Isaac Lidsky has led an extraordinary life – but he claims that of all the amazing experiences along his path, “In many ways, one of the greatest things that ever happened to me was going blind.”
Isaac had a career as a child actor, culminating when he landed the role of Barton “Weasel” Wyzell on “Saved by the Bell: The New Class” — he calls it “a lifechanging experience.” He went on to study math and computer science at Harvard, graduating at age 19, then law school, after which he clerked for two Supreme Court justices.
Now Isaac’s married to “the most amazing woman” and has four gorgeous kids. He’s also blind. At age 13 he was diagnosed with retinitis pigmentosa. “The doctor said, ‘You will go blind. There are no cures, and we don’t know much about the disease. Good luck!’”
Isaac was terrified. “I knew going blind would ruin my life.” The disease progressed gradually as he lost more and more areas of his field of vision. He had lost his sight entirely by age 23.
Things changed when he met with a low-vision rehabilitation specialist. She was completely focused on practical solutions he could use to navigate life without vision, and he realized, “Everything I thought I knew about blindness was a fiction born of my fears. I was so busy worrying about some awful future that I wasn’t taking care of the moment, now. There only is now, today, this moment, and I chose to take control of my reality.”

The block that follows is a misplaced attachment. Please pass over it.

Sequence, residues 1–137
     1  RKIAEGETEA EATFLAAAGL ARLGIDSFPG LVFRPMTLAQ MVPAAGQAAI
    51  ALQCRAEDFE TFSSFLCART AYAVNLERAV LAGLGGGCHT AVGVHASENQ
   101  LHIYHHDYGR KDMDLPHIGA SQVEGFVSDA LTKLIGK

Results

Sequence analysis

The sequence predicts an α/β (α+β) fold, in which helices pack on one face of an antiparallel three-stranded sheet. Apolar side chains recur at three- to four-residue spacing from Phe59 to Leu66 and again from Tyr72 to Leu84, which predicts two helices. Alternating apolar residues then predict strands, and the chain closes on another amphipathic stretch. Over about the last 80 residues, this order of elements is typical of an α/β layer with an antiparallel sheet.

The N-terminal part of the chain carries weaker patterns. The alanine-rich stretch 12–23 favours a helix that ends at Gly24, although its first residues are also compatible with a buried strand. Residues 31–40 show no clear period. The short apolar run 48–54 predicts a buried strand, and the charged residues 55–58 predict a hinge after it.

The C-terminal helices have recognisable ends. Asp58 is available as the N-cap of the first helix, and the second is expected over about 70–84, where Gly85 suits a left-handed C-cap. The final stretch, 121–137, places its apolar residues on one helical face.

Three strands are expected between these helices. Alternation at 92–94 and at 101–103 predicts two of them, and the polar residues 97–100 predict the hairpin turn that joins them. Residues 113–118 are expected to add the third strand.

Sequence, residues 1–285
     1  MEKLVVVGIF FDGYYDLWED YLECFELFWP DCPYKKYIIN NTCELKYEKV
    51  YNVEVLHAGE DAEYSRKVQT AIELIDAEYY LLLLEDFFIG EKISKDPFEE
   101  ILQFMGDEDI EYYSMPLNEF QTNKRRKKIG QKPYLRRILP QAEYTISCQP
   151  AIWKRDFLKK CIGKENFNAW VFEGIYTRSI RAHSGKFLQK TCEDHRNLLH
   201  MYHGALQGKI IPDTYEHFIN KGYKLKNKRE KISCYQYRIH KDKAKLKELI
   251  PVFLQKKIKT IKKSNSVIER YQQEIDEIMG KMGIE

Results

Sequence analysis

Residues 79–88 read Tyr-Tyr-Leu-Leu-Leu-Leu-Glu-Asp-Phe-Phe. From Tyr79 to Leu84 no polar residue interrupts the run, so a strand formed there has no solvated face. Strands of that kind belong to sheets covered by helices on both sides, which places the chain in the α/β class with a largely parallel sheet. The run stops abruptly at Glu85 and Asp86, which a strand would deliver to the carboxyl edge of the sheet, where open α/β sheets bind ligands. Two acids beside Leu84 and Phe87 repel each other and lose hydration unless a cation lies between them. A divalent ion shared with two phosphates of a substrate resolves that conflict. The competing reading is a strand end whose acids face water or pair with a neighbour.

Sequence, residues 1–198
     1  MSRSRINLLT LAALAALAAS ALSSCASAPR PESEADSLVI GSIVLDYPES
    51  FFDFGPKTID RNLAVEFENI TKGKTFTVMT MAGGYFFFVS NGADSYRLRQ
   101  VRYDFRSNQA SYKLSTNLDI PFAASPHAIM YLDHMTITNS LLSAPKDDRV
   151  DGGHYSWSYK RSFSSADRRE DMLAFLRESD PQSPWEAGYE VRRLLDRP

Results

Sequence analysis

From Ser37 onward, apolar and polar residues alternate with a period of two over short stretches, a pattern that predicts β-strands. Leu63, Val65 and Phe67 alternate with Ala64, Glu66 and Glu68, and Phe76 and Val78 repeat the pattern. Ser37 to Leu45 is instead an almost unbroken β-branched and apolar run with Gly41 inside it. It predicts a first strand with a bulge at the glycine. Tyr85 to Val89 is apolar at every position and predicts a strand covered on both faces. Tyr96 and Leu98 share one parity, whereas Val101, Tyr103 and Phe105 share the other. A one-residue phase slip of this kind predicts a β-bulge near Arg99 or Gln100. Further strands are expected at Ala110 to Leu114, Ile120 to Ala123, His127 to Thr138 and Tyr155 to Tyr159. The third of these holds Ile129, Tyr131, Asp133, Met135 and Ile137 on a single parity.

“How could you take something that would so obviously be a negative – going blind – and you flipped it, you made it a positive?” wonders ER Physician DR. Travis Stork. “I lost my sight, but I gained an empowering vision,” Isaac responded. Blindness prompted him to realize that he could choose how to live and who to be: “I chose to live a blessed life.”
He was inspired to write a book, “Eyes Wide Open.” He says, “It’s not about disabilities per se. Anyone will face challenges, struggles, regrets. Anyone can see what I see, and I hope many will.”
Retinitis pigmentosa is a genetic disease but both of Isaac’s parents were recessive carriers – he had no idea he was at risk until he developed symptoms. Anyone developing “tunnel vision” or other symptoms of vision should see a doctor.
This article was originally published on The Doctors.
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